Stone fruits come into their own in the summer. Sure, we can get apricots, plums and peaches trucked or shipped in from California, Chile and overseas practically year-round. But there are no apricots, peaches, plums or nectarines that have the exquisite, honey-like flavors of locally grown produce in their prime season. Visit farmer's markets and stores that display local produce and build your menus around what is available on any given day.
Stone fruits — those fruits that have a large pit in the center — have an illustrious history. Golden apricots have been grown in China for more than 4,000 years. Now, California produces about 90 percent of the American crop. The pit falls out easily when the fruit is halved.
Plums are cultivated all over the world. They range in shape from oval to round, and their color can be yellow, green, red, purple, blue and almost anything in-between. Very firm plums will soften when stored at room temperature for two to three days.
Peaches are also native to China, brought to the New World via Persia. There are generally two types: freestone, which as the name suggests, the stone falls out easily when halved, and clingstone, where the stone clings fast to the flesh. Most clingstones are used for commercial purposes. When purchasing, make sure these fruits don't feel too hard or too soft when gently pressed, and there should be no pre-existing soft spots or bruises.
Nutritionally, stone fruits are packed with antioxidants, such as vitamins A and C (defenders against "free radicals," which can harm human cells), and have even been linked to fighting certain kinds of cancers.
Make the most of these stone fruits by eating them raw. As a healthy snack, they need no embellishing. But for some sweet summer recipes, see below.
Sweet Ricotta and Summer Fruit 'Bruschetta'
A beat-the-heat dessert for a hot summer's day. No cooking; just assemble.
12 slices French bread, about 1/2-inch thick
cinnamon-sugar to sprinkle
11/2 cups ricotta cheese
2 Tbsps. honey
1/4 tsp. orange extract
2 peaches, pitted, each cut into 12 thin wedges
4 plums, pitted, each cut into 6 wedges
1-2 Tbsps. orange or lemon juice
6 strawberries, halved
mint sprigs (optional)
Lightly toast the bread in a toaster. Arrange on a tray.
In a small bowl, combine the ricotta cheese, 2 tablespoons honey and orange extract.
Spread over each slice of toasted bread. Arrange 2 peach wedges and 2 plum wedges on top of each slice.
Brush with orange or lemon juice. Top with two strawberry halves.
Drizzle with a little more honey, if desired. Garnish with a mint sprig (optional) and serve.
Makes 12 pieces.
Approximate nutrients per piece: calories, 160; protein, 6 g; carbohydrates, 24 g; fat, 5 g; cholesterol, 16 mg; sodium, 179 mg.
Peach Pie With Almond-Crumb Topping
Although most recipes call for peeled peaches, I leave the skin on. It adds extra fiber and peachy flavor.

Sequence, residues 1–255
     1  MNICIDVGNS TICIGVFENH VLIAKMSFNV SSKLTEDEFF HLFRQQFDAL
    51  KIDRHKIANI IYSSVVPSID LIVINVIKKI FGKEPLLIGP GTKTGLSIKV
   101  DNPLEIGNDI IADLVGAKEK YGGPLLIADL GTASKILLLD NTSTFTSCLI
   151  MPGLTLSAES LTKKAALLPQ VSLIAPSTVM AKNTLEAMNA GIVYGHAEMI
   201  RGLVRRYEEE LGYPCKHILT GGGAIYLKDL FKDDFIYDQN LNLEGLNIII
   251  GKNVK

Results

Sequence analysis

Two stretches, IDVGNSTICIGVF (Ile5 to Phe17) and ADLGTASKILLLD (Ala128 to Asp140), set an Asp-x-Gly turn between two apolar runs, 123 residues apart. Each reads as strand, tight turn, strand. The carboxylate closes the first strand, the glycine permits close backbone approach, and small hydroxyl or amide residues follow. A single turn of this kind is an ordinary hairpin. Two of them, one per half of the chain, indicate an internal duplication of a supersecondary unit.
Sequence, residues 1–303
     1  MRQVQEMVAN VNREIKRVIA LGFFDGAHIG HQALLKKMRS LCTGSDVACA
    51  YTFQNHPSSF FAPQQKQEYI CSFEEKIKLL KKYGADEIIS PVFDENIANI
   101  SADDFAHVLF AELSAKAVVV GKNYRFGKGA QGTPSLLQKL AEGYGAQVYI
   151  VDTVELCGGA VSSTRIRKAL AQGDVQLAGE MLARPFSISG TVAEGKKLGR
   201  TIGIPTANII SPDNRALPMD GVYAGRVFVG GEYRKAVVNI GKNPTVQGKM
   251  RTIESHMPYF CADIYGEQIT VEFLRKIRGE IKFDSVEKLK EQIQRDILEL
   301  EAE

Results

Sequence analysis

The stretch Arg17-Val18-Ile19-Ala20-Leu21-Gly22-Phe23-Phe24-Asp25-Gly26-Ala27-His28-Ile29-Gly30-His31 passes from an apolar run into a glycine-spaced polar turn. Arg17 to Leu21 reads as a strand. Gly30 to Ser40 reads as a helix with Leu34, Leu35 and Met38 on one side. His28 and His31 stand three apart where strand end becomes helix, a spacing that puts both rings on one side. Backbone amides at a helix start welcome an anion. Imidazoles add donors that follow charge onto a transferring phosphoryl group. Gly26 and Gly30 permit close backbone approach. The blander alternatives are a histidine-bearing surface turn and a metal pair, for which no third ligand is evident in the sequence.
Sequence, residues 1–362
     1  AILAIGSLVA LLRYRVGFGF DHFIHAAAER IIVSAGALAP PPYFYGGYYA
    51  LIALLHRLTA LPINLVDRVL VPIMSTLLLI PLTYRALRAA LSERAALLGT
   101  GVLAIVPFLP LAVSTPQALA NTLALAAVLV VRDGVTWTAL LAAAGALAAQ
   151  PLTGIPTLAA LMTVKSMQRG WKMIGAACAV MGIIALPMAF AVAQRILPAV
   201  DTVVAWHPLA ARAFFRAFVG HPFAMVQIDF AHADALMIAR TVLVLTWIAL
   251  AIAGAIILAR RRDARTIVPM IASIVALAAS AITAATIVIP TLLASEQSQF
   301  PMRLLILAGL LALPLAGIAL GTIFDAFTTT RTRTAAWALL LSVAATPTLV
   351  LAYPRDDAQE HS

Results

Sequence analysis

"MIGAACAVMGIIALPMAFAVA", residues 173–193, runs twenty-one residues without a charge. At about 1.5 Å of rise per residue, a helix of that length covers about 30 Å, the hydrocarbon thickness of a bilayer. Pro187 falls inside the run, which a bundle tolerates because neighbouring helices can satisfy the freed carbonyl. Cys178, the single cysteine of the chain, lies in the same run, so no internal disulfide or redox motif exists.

6 cups sliced peaches
1/2 cup sugar
3 Tbsps. all-purpose flour
2 Tbsps. fresh lemon juice
2 Tbsps. finely grated lemon zest
1/2 tsp. almond extract
1 deep-dish pie shell (9 to 10 inches)
1 cup slivered almonds
2/3 cup oatmeal (not instant)
1/2 cup brown sugar, packed
6 Tbsps. chilled butter, cut in 1/2-inch chunks
Preheat oven to 400°.
In a large bowl, combine all the filling ingredients, tossing to mix well.
Spoon into the pie shell and place on a baking sheet (to avoid spills in the oven). Bake for 30 minutes.
To Prepare the Topping: Place the almonds in the food processor bowl; chop coarsely.
Add the oatmeal, sugar and butter. Process for 10 to 15 seconds, or until ingredients are forming thick crumbs. Do not overprocess.
Spread over the peaches.
Reduce heat to 375°. Bake for 30 minutes longer, or until bubbly. Cool before serving.
Serves 8 to 10.
Approximate nutrients per serving: calories, 473; protein, 5 g; carbohydrates, 68 g; fat, 20 g; cholesterol, 23 mg; sodium, 283 mg.
In this easy recipe, nectarines or peaches may be substituted for apricots.
6 apricots, pitted and quartered
4 plums, pitted and quartered
1 cup sour half-and-half or low-fat sour cream
1 Tbsp. sugar
6 Tbsps. brown sugar
Preheat the broiler.
Arrange the apricots and the plums over the bottom of a medium gratin dish.
In a small bowl, mix the sour cream or half-and-half, and the sugar. Spread over the fruit in the gratin dish.
Sprinkle brown sugar over to cover.
Broil 3 to 4 minutes under a preheated broiler, until the sugar is beginning to brown and is bubbly. Watch carefully to avoid scorching. Cool before serving.
Serves 4 to 6.
Approximate nutrients per serving: calories, 157; protein, 2 g; carbohydrates, 27 g; fat, 5 g; cholesterol, 15 mg; sodium, 22 mg.
Stone-Fruit Summer Salsa
Spoon this over ice-cream or frozen yogurt, or spoon into wine glasses and serve "au naturel."
1 lb. (5 to 6, depending on size) plums, pitted and cut in 1/4-inch chunks
2 apricots, pitted and cut in 1/4-inch chunks
1 nectarine, pitted and cut in 1/4-inch chunks
3 Tbsps. fresh lime juice
2 Tbsps. grated ginger root
2 Tbsps. shredded fresh mint
2 Tbsps. seasoned rice vinegar
2 Tbsps. sugar or to taste
Toss all ingredients in a bowl.
Serves 4 to 6.
Approximate nutrients per serving: calories, 67; protein, 1 g; carbohydrates, 16 g; fat, 0 g; cholesterol, 0 mg; sodium, 99 mg.
2 peaches, pitted and cut in quarters
1 banana, thickly sliced
1 cup white grape juice
1/2 cup orange juice
1 container (6 oz.) low-fat peach yogurt
honey to taste
Place all ingredients except the honey in a blender jar. Cover and whirl at high to blend.
If desired, sweeten with a little honey to taste.
Pour into tall glasses.
Makes 2 servings.
Approximate nutrients per serving: calories, 243; protein, 5 g; carbohydrates, 54 g; fat, 1 g; cholesterol, 6 mg; sodium, 59 mg.
Ethel G. Hofman, author of the recent Mackerel at Midnight, is also a past president of the International Association of Culinary Professionals.